First time the property tribunal rules in favour of leaseholders under the Building Safety Act
Arjun Batish, 32, a leaseholder with no legal experience has won a leaseholder revolt against developer and freeholder Inspired Sutton to pay back almost £200,000 that was wrongly demanded to pay to remove cladding and replace dangerous balconies.
The case, believed to be the first time the First Ter Tribunal has considered the Building Safety Act 2022, is reported in The Times today:
Meet the cladiator who took on his developer over fire safety – and won
For the past six years the victims of Britain’s cladding crisis have often been just that: helpless casualties of housebuilder ineptitude and governmental misma
Faced with his shared of the bill – £18,000 – Arjun Batish led a group of 18 leaseholders in their dispute, which was heard by tribunal president Siobhan McGrath and Timothy Powell, who heads the London division.
Unfortunately Batish, who works in finance, his wife Eleanor and 12-week-old son Arthur are still enmired in other issues surround the building safety scandal.
The couple met as neighbours at the converted office building in Sutton, south west London, where both had bought flats for £360,000 (his) in 2018 and £270,000 (hers) in 2017.
He told The Times: ““What really makes my blood boil is that . . . [housebuilders] . . . are in this for the money and they have no incentive to do the right thing. But these are people’s homes and lives they are dealing with.”
Alarm bells rang in 2019 when Inspired Asset Management, owner of Inspired Sutton, went into administration. It was the administrators who issued the cash call from the leaseholders.
As so often, the block was badly built with flaws that broke elementary regulations: on conversion the building increased from 9 to 11 storeys. But the dry riser — a pipe running up the inside of the building that firefighters can tap into to use as a pressurised water system — only reaches up to the ninth floor. And a car parking space is installed right in front of it.
A government grant for £1 million covered removing the cladding, but not the balcony replacement (£388,000).
The total bill at 9 Sutton Court Road totted up to £3.7 million, and Batish’s share for the amount not covered by the grant was £18,000.
He tried lawyers but was deterred by their expense – £120,000 was one estimate – and set about studying the Building Safety Act.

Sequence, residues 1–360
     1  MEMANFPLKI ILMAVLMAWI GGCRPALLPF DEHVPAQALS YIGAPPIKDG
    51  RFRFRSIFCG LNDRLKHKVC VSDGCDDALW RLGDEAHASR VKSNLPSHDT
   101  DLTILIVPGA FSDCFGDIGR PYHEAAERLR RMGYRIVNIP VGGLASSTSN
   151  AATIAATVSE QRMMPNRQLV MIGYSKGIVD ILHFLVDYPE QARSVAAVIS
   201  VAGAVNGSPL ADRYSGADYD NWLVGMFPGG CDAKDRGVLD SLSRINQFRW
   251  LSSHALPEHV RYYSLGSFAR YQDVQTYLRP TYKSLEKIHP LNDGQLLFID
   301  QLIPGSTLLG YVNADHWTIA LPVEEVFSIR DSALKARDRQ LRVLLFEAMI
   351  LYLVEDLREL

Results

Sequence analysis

Inspired Sutton was an SPV (a special puprose vehicle) to develop the site and sell on the freehold, but this fell through in 2018 after the buyer was spooked by the fallout from Grenfell. So it remained the landlord.
Section 122 of the Building Safety Act provides:
“122 Remediation costs under qualifying leases etc
Schedule 8 –
a/ provides that certain service charge amounts relating to relevant defects in a relevant building are not payable, and
b/ makes provision for the recovery of those amounts from persons who are landlords under leases of the building (or any part of it).”
And paragraph 2 of Schedule 8 provides:
“No service charge payable for defect for which landlord or associate responsible”
As a result, the bill is passed to Inspired Sutton Limited.
An attempt was made by a barrister for Inspired Asset Management Limited, now in liquidation, to dob its legal costs on the leaseholders failed. But he did manage to remove this entity as a party to the proceedings.
When a trading entity the directors were property developers Martin Jonathan Skinner and Jeremy David Beck.
Mr Stephen Burns
I wish their were more Leaseholders like Mr. Arjun Batish, he really is an example to others. I admire your courage and determination and for your victory against injustice. The publicity that you have generated will travel far and wide and give others food for thought and hopefully inspiration to follow your excellent example.
Well done to Arjun Batish. He was lucky his case was heard by two full time judges and the most senior judges, Siobhan McGrath and Timothy Powell at the FTT rather than one who is a barrister one day and a “judge” the next day. In my experience outcomes vary wildly and some members of the legal profession are allowed to conduct cases as if they are in the high court racking up costs, not at a tribunal which is supposedly accessible to all.
Accountants on panels, more surveyors and full time judges would make for a fairer system.
Arjun Batish deserves massive credit to take on the case himself, and is a role model for other leaseholders to have the courage to stand up, not only to their landlod freeholders but the impossibly flawed legal system. Not sure which is worse! As has often been stated in these columns, the legislation and the thinking behind it, is stacked against us tenant leaseholders so any win exposing an avenue to pursue is invaluable information for others to follow suit.
Taking on the built-in unpredictability of the interpretation of the Landlord & Tenant legislation and the ruthless and entrenched spirit of leaseholder law – with the odds overwhelmingly on the side of the barrister/solicitor/landlord can be utterly demoralising as I have recently discovered first hand, having imitated Arjun in a case in rural Norfolk (not cladding reated!) .
We are awaiting the FTT’s pronouncement, but will share it when we have received it.
Well done Mr Batish. It’s not easy taking on these giants…Agree with Shelley FTT can really vary and should even out with less who have a commercial background who from my experience are more pro landlords…